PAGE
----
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By Thomas J. Sullivan–
It’s been quite a personal journey for Sylvia Thweatt, who emigrated to the United States in 1985 from Prague, Czechoslovakia, and now has new duties as the incoming Commander of Citrus Heights American Legion Post 637.
Thweatt, a U.S. Air Force enlisted veteran of the 1991 Persian Gulf War, took office on Tuesday, July 16, succeeding outgoing commander Paul Reyes, a U.S. Marine Corps Vietnam-era veteran.
“My story isn’t that much different from many immigrants who came to the United States, and who chose to enlist in its armed forces,” she said.
Upon her high school graduation in Prague, Thweatt, her mother, father and sister left the country with two suitcases in hand to go to Yugoslavia on “vacation.” We spent nine months there under the protection of the United States before arriving in San Francisco in 1985,” she said.
Her grandmother, who emigrated to the United States in 1966, served as the family’s sponsor. “We all lived in her house in Millbrae for a time.”
Thweatt served as the Post’s second vice commander with responsibility for membership recruitment and retention prior to taking the gavel as incoming post commander.
“I was a little surprised at first to be nominated, since our current commander, Paul Reyes has so ably served in that capacity well for the past nine years,” she told The Sentinel in an interview. “He wanted a new commander to have a fresh start, and I’m delighted to do so.”
The ranks of the American Legion, the nation’s largest veteran’s organization, which celebrates its 100th anniversary in 2019, is rapidly changing, as older veterans of the World War II, Korea and Vietnam eras are giving way to a new generation of recent combat veterans.
Thweatt said she’s looking forward to her duties as commander and welcoming the growing number of younger Iraq and Afghanistan conflict-era veterans who live in the area to join the American Legion.
“We need to work hard to attract younger veterans to join us,” she said. “We have an important role to play to help these returning veterans understand their service benefits and how to seek services from the Department of Veterans Affairs. They’ve fought for their benefits, and we need to be there to advocate for help them.”
According to the U.S. Department of Defense, in the decade since the Sept. 11, 2001 terrorist attacks on the World Trade Center, 2.3 million American military personnel had been deployed to Iraq, Afghanistan, or both, as of Aug. 30, 2011. Of that total, 1.3 million have since left the military and are eligible to join either the American Legion or the Veterans of Foreign Wars (VFW).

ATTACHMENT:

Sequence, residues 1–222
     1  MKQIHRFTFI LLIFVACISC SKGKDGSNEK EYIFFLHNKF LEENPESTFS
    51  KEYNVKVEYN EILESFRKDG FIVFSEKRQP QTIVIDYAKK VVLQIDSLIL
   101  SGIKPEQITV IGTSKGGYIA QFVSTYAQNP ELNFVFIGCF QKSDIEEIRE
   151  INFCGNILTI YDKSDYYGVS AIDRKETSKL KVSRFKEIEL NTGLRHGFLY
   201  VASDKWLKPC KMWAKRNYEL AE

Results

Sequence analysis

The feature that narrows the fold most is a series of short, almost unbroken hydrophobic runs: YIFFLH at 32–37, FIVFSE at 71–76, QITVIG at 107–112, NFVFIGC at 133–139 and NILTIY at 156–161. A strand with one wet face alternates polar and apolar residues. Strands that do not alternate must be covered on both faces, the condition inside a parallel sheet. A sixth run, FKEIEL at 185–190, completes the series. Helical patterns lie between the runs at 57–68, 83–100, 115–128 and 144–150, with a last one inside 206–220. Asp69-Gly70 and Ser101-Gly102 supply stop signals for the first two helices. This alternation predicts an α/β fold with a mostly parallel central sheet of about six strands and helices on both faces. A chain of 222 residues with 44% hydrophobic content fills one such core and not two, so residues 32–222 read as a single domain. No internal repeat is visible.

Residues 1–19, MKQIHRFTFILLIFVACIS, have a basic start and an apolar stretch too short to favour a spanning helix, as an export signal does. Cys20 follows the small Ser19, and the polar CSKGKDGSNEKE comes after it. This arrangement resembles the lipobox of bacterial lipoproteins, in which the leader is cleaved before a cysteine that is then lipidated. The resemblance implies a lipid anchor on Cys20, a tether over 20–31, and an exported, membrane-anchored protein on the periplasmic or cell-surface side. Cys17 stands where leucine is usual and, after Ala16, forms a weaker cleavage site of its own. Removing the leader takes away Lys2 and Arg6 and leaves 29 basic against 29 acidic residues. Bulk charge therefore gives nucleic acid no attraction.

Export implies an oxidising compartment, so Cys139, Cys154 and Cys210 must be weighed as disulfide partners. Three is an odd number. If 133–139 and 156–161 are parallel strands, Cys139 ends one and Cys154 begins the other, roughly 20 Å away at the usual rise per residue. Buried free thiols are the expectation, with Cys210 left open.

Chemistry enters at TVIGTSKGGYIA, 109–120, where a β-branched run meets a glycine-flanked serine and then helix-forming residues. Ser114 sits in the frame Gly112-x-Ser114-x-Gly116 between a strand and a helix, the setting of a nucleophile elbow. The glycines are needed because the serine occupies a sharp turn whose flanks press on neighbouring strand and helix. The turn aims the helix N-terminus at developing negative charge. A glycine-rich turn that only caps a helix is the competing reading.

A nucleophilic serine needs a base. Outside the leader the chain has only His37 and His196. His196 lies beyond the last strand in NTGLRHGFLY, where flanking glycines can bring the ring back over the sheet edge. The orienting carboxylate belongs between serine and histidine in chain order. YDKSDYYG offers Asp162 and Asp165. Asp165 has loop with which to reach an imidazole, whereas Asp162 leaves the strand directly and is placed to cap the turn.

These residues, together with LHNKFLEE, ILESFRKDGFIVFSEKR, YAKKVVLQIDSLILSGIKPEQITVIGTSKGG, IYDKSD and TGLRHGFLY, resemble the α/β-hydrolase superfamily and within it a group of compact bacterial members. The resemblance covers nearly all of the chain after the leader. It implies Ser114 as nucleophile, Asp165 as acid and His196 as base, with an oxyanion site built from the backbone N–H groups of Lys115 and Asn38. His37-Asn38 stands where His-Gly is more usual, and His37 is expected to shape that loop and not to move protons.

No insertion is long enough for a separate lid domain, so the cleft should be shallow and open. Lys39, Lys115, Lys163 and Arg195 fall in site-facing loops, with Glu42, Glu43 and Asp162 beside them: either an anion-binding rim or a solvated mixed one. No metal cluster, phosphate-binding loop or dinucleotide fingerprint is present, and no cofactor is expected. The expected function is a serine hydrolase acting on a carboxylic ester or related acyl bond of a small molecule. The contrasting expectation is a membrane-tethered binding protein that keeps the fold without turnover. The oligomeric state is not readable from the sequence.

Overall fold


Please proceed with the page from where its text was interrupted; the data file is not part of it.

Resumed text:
“I’d also like for the Post to reconnect with many of our Post members we’ve lost touch with through the years and re-introduce them into what we’re doing in our community today,” she said.
Two years after her arrival in the United States, while not yet a naturalized citizen, she enlisted in the U.S. Air Force and took basic training at Lackland AFB in Texas. Upon completion of technical training, she was stationed at Mather AFB in Rancho Cordova before its closure. She was later deployed during Desert Storm in 1991 for six months in Riyadi, Saudi Arabia.
“Some of today’s younger veterans have a story much like mine,” she said. “The ranks of our recent veterans are more diverse than ever.”
“I was at a bit of a loss learning American English at first,” she remembered. “I took Oxford English classes in Prague, but that doesn’t prepare you for learning the language here.”
She and her mom took free English classes offered by the local library in San Mateo County before enrolling in college to take English as a Second Language (ESL) classes.
“What really helped me grasp the day to day vocabulary was watching television,” she said. “I Love Lucy” and “MacGyver” were two of my favorite shows,” she said.
Thweatt used her G.I. Bill benefits after her enlisted separation from the Air Force to take classes at American River College and to transfer to Sacramento State University, where she earned her bachelor’s degree in business in 2005. She ran a home day care for several years, before switching careers, attending the International Tour Management Institute in San Francisco and became a certified tour guide.
Now a proud grandmother of two, Thweatt says enjoys taking care of her two young grandchildren, while her daughter is at work.
“One day they’ll learn about their grandmother’s journey, and I hope they consider serving their country as I proudly have.”
Citrus Heights American Legion Post 637 meets in Citrus Heights City Hall at 6360 Fountain Square Drive on the third Tuesday of each month at 6:30 p.m.
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